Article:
The literature on household behavior contains hardly any empirical research on the within-household distributional effects of tax-benefit policies. We simulate this effect in the framework of a collective model of labor supply when shifting from a joint to an individual taxation system in France. We show that the net-of-tax relative earning potential of the wife is a significant determinant of intrahousehold negotiation but with very low elasticity. Consequently, the labor supply responses to the reform are essentially driven by the traditional substitution and income effects as in a unitary model. For some households only, the reform alters the intrahousehold distribution in a way that tends to change normative conclusions. A sensitivity analysis shows that the distributional effects captured by the collective model would be significant only for reforms both radical and of extended scope.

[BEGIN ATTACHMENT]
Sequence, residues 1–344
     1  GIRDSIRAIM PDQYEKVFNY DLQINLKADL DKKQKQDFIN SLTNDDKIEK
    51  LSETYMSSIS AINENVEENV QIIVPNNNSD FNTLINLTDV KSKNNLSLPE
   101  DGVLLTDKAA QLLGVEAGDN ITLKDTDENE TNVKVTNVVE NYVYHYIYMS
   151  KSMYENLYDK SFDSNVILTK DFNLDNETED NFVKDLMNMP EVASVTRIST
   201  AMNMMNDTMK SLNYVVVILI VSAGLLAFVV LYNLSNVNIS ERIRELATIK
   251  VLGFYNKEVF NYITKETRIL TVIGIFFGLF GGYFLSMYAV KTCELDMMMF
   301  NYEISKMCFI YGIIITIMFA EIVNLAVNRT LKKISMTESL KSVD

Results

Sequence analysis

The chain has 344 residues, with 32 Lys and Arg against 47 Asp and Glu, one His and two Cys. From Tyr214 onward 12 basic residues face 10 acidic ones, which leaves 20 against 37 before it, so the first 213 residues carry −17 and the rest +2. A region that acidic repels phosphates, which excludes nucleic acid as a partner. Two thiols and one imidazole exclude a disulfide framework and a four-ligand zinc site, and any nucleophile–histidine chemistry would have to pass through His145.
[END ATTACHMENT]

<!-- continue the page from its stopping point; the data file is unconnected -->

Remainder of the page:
Bargain, O. and Moreau, N. (2007), "Does Taxation Affect Intrahousehold Distribution? A Simulation Approach", Bishop, J. and Amiel, Y. (Ed.) Inequality and Poverty (Research on Economic Inequality, Vol. 14), Emerald Group Publishing Limited, Bingley, pp. 317-344. https://doi.org/10.1016/S1049-2585(06)14015-6Download as .RIS
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